Dodge Demon: The Second Death of the Muscle Car?

                In an age of lightning quick DCT transmissions, magnetorheological dampers, and super-lightweight carbon fiber construction, the niche of the beloved “muscle car” seems to be narrowing year by year. The European competition has driven our American automotive innovation to new heights through the likes of the Ford GT, Corvette, and Dodge’s Viper. However, with 840 horsepower and break-neck acceleration through an unbelievable quarter mile time, does the upcoming Dodge Demon stand to bear that title alone? Before you jump at my neck for the thought, take a look back at the first “death” of the American muscle car.

Ahh, the 60’s, an age of newfound enlightenment in American culture and an industrious time in the American workplace. The streets roared with big block v8’s, singing the anthems of Mopar, Ford, and Chevy. The automotive industry was in the midst of a heated horsepower war between the three juggernauts. During this time, the car enthusiast would witness exaggerated claims of 300 horsepower ratings, to understated claims of 450 horsepower, in the short span of a decade or so. However, if the law of gravity is to teach us anything, it is that whatever is up, will inevitably come down. Enter the fuel crisis and Clean Air Act of the early 70’s, where the affordable muscle car had become a parasitic lawn ornament for the majority of the population. Replaced by the cheap plastic and fuel injected counterparts that riddled the 80s and 90s, the tough, rugged and obscenely powerful vehicles of the golden age of muscle cars were no more.

Now, contra to dear Isaac Newton’s thoughts on gravity, a popular saying dictates that when one hits rock bottom… Ford will make a new mustang?

It’s 2005 and all things “retro” are now trendy. In this spirit, Ford redesigns the Ford Mustang in new retro, and thus, trendy styling. Powered by the familiar 4.6 liter V8 making a respectable 300 horsies, the new mustang dawned the second coming of the American muscle car. Dodge was quick to follow with their Charger model the next year, but things didn’t get interesting until a few years later. In 2010 Chevy launch the return of the Camaro, and while the Challenger technically debuted first, in never reached the hype of the 5th generation Camaro. 426 horsepower from the Corvette’s LS3 and reminiscent of the 60’s Camaro, it hit the market like a nuclear bomb. What Ford had set in motion with muscle car in looks, was now muscle car in practice. If this seems familiar, it should. This was the new age of the American Muscle car, beginning in 2005 until 2018?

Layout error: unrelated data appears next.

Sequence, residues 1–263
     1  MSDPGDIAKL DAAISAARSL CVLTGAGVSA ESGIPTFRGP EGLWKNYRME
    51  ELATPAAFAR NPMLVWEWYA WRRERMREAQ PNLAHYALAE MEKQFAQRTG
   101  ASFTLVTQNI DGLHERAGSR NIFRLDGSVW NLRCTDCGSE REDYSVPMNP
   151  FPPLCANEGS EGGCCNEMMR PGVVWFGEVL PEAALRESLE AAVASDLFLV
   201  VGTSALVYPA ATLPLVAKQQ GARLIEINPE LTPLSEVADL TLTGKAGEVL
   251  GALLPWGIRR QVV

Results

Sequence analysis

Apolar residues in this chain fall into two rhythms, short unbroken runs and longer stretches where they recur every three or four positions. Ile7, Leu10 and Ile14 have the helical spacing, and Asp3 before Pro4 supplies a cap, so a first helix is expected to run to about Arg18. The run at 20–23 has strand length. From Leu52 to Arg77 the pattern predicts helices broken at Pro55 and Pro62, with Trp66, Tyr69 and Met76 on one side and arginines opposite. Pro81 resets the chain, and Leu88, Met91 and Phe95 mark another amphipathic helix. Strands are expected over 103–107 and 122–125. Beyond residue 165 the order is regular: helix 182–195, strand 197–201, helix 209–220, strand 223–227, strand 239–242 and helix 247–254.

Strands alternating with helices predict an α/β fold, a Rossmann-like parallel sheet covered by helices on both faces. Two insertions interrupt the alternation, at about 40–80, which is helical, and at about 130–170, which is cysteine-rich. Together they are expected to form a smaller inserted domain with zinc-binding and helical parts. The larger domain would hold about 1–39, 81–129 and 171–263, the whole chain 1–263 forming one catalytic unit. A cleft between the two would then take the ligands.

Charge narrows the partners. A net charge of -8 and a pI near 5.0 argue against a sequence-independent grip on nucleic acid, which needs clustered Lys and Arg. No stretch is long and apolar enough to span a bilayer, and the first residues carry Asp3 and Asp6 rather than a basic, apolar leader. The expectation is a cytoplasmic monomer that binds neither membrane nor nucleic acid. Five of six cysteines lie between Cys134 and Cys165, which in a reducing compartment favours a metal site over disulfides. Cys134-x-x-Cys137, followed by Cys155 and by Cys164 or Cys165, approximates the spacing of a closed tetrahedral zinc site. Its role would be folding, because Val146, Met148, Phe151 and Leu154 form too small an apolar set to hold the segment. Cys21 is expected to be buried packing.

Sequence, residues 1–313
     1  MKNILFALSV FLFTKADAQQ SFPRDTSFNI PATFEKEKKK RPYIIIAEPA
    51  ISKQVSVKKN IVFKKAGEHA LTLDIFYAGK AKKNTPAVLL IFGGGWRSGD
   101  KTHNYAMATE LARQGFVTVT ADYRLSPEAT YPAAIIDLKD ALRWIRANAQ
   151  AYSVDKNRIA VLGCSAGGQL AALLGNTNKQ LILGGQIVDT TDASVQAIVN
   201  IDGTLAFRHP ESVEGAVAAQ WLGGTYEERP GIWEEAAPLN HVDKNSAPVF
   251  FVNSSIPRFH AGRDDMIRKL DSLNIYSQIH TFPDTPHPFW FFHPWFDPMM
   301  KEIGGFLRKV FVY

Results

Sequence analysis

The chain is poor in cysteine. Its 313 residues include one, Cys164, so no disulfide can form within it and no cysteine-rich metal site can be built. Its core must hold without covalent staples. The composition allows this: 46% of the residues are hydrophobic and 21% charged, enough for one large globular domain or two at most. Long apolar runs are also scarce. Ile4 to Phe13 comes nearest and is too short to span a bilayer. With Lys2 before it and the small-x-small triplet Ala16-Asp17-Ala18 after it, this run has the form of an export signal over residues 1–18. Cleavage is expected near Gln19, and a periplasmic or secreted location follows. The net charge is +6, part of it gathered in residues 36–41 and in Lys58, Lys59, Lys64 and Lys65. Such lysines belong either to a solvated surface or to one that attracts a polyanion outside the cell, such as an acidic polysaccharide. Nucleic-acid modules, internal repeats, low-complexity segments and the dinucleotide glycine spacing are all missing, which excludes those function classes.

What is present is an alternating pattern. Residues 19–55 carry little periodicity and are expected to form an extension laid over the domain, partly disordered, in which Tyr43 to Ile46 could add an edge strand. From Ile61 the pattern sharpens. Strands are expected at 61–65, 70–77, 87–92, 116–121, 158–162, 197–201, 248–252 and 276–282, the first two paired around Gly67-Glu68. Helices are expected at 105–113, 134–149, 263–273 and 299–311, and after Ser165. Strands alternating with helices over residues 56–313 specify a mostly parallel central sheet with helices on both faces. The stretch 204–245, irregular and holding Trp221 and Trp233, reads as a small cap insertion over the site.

Now that we are up to speed, let us gander forward to 2018. The 6th generation Camaro has grown into a track monster, with the new ZL1 proudly lapping track faster than a 911 utilizing a 10 speed automatic transmission and space age suspension tech. The refresh of the Mustang is expected to utilize the same for better track performance. Do we see the trend? Muscle cars worried about lap times? The one black sheep? The Dodge Challenger/Charger. Beginning with the Hellcat in 2015, Dodge began its resounding middle finger to the direction the American muscle Car has been headed in. 707 horsepower good for absolutely nothing other than a beautiful roar and new tires every 2 weeks. And if the Hellcat was a middle finger, the Demon is a swift kick in ass. You cannot help but commend the Mopar brand by sticking true to the heritage of the American muscle car. Unfortunately, if rumors are to be believed, Dodge is well due for a refresh of the Challenger and Charger, and is expected to finish out this decade with the current models and then follow suit with the other brands, improving lap times and fuel economy.

So, there you have it, the end of our second age of the muscle car. The first, death by economy. The second, death through innovation.

-Joe Jennings